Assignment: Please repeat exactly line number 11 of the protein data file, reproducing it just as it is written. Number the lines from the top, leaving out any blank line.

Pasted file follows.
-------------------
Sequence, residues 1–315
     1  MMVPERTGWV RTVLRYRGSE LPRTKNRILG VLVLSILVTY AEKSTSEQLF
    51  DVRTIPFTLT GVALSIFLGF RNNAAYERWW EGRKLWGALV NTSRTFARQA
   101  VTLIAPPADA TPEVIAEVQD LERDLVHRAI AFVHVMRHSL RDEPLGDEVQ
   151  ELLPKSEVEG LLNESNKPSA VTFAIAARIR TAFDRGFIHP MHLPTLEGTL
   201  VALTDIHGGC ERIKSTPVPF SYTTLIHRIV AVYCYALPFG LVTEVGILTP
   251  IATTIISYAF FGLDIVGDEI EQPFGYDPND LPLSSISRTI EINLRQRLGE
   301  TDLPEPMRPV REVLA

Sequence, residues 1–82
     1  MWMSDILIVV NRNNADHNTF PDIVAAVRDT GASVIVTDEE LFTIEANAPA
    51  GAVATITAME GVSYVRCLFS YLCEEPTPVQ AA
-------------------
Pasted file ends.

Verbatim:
    51  GAVATITAME GVSYVRCLFS YLCEEPTPVQ AA